Food Budget Challenge Week One: 4 Discoveries

It has only been a few days into my Food Budget Challenges but I wanted to share some of the discoveries that I have made so far.

Discovery #1

One trick to save money on groceries that I have heard often is to meal plan. I think this is a good strategy. However, my strategy for this week was to find the cheapest healthy ingredients and, then, figure out what I was going to make with these ingredients. But, I am a bit excited because it will help me to expand my repertoire of foods and recipes. For example, I have rarely eaten eggplant in restaurants but have never cooked it at home. However, Sprouts Farmers Market was having a sale of $.88 per eggplant. So, I bought it. I ended up making an amazing pasta dish that I will definitely make and eat again. I will definitely post the recipe later on too. It was rather simple and made eight servings so it lasted a while for my two person household.

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Discovery #2

I love discovering new items. This week I found a new favorite at Trader Joe’s: frozen Fettuccine Alfredo. I have an intolerance to garlic and so a lot of Americanized Italian food is not a possibility for me to eat. But, as I discovered when I went to Italy last year, Italians tend to use a lot less and, a lot of the time, they use no garlic at all. So, when I saw that Trader Joe’s imported their Fettuccine Alfredo from Italy, I was excited to look at their ingredient list. No garlic! It has been such a long time since I have had Alfredo that I knew I had to deviate from my list and splurge on this item.

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The Fettuccine Alfredo was $3.99 for about 3 servings. Each serving was 370 calories. This would be a perfect economical dish for a busy single person because it is microwaveable and the package contained 5 little nests of frozen fettuccine with the Alfredo in little chunks so you could easily separate the bag into individual freezer bags of 2 nests each. If you purchased 2 bags, that is 5 meals for $1.60. Add in some frozen veggies to those bags and it would be a more balanced meal and still be under $2.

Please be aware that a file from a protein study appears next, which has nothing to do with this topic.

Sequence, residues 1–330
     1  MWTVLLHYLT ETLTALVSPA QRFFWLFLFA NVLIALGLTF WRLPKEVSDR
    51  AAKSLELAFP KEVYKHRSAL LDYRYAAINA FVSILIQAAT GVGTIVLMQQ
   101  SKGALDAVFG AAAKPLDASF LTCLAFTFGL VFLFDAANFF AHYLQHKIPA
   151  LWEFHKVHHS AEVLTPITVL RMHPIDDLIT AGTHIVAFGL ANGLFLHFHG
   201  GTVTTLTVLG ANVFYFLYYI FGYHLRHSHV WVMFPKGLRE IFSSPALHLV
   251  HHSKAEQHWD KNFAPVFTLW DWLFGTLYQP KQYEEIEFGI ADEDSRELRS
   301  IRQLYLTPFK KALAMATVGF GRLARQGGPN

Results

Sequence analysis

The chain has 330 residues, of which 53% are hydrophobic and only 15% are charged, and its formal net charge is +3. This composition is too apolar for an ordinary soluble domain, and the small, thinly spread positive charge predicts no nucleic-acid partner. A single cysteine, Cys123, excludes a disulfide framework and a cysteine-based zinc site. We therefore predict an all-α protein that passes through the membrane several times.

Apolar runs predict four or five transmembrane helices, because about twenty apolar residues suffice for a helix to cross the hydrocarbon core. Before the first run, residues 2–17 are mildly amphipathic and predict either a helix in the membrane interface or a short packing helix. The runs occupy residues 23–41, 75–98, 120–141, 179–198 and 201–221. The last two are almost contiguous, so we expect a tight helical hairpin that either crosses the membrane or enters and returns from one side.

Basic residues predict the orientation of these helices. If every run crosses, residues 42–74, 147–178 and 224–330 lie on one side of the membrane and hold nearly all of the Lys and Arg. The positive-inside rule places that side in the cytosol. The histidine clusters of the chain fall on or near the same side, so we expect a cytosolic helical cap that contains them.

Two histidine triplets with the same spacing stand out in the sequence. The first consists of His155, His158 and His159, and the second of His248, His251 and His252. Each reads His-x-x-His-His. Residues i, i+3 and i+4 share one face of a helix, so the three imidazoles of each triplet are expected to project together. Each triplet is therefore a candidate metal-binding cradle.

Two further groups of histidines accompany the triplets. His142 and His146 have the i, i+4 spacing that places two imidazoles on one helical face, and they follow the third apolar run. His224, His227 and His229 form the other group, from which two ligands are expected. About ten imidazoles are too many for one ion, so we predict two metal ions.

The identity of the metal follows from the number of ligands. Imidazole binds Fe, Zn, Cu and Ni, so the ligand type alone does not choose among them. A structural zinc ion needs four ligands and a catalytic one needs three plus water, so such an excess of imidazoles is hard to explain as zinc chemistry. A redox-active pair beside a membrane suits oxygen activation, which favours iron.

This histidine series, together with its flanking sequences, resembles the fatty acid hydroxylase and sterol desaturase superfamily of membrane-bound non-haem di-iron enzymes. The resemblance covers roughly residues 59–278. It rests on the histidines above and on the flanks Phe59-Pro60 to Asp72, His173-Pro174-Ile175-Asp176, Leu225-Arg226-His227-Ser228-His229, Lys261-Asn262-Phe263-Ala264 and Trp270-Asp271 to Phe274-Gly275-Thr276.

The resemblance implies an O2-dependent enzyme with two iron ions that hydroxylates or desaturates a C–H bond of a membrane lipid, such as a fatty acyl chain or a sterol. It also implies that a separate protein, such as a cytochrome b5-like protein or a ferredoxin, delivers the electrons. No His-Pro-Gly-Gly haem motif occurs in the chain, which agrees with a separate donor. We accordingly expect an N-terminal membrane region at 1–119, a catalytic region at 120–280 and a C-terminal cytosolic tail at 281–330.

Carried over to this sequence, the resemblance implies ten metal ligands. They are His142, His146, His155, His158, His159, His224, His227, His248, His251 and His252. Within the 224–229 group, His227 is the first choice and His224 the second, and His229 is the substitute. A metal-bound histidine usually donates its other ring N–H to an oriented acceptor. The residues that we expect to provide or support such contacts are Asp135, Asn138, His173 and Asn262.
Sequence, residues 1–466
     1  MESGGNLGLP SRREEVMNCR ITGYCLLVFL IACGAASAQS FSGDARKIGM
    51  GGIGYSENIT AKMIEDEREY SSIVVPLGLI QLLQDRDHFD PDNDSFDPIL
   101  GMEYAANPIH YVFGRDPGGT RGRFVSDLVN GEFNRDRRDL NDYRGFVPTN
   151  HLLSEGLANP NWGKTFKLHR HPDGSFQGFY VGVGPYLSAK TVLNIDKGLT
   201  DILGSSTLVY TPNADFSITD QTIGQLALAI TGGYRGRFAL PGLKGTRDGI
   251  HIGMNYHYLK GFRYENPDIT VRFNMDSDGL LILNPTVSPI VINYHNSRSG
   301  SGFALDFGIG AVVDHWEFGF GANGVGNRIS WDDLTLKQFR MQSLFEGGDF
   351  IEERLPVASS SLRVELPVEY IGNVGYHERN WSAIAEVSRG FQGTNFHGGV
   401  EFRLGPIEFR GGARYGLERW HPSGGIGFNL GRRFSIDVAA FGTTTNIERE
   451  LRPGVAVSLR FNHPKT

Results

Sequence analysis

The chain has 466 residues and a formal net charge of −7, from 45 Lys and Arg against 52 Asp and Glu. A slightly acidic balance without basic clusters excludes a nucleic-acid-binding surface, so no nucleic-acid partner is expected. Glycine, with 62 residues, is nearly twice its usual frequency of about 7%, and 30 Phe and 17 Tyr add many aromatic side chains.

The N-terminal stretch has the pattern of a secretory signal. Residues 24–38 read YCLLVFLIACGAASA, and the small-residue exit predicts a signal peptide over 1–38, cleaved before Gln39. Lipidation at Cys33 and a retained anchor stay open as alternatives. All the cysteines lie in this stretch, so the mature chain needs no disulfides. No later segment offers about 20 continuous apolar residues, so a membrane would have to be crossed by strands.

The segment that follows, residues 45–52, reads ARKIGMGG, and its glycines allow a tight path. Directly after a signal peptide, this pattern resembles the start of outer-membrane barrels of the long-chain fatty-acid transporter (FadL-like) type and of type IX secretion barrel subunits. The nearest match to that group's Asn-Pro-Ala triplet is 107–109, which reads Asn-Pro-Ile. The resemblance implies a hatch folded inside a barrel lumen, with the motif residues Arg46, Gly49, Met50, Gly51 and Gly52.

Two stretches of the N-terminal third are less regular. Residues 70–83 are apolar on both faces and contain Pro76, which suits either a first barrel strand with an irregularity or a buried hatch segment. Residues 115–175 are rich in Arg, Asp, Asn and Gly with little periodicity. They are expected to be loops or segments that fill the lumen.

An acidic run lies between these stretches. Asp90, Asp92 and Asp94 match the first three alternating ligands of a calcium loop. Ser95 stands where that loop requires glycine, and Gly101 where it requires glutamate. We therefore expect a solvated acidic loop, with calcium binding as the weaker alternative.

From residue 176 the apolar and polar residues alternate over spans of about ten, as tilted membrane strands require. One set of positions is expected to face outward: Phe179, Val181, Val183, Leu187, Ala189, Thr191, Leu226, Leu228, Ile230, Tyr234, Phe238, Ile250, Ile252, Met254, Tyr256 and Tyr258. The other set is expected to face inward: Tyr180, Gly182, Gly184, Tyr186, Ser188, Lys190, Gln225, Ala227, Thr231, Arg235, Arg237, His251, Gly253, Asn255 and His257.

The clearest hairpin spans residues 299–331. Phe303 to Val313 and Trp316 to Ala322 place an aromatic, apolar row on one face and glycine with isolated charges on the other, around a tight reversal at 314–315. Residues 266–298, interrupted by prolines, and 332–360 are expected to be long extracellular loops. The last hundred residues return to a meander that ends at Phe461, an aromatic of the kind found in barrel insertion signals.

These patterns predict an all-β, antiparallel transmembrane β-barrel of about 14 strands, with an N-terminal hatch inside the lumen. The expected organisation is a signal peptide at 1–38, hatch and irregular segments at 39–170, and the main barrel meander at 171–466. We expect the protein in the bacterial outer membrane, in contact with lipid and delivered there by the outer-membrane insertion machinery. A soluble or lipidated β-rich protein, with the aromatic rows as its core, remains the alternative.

After grocery shopping, I could not wait to try the Fettuccine Alfredo so I made it for dinner that night. I made it according to the package directions for the stovetop but added in one serving (½ cup) of canned pumpkin ($1.99, 3.5 servings) and ½ package of their frozen organic broccoli ($2.49, 5 servings) at the end and cooked it for a few more minutes on low heat. Since I did it on the stovetop, I cooked the broccoli separately first. It was delicious! The pumpkin made it feel like an indulgent fall treat. After plating, I added a little sprinkle of parmesan cheese. We had gotten so busy with shopping that we had skipped lunch that day so we ate it all that night. Split in 2, it was about 607 calories per person but this could have easily been 4 servings.

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$3.99 for Fettuccine + $1.25 for organic frozen broccoli + about $.55 organic canned pumpkin = approximately $5.80 ($2.90 per person)

 Discovery #3

As I said previously, I tend to overeat when I am going through difficult times. So, I knew I would be tempted to eat all of my snacks. And then, the bulk items would not be saving me money but making me fatter more quickly. A solution I found was to put serving sizes of the snacks (especially the ones that I would be more likely to eat lots of in one sitting) into Ziploc bags. This way I will not be tempted to eat as much and I will maintain my savings.

Discovery #4